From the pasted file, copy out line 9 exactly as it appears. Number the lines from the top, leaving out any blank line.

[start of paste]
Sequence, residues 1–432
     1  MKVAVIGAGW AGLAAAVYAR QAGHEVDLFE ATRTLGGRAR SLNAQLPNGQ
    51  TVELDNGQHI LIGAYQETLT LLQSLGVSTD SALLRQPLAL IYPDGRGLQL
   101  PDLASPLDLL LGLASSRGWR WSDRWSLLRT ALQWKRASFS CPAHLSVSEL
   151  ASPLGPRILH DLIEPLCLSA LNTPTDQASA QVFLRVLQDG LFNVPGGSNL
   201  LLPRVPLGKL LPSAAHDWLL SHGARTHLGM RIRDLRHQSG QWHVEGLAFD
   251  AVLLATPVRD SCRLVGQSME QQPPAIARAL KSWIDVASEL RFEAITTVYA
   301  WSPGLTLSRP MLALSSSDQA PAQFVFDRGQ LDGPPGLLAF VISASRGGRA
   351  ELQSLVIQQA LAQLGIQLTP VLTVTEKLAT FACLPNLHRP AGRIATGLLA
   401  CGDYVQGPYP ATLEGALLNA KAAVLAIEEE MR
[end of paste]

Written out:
   351  ELQSLVIQQA LAQLGIQLTP VLTVTEKLAT FACLPNLHRP AGRIATGLLA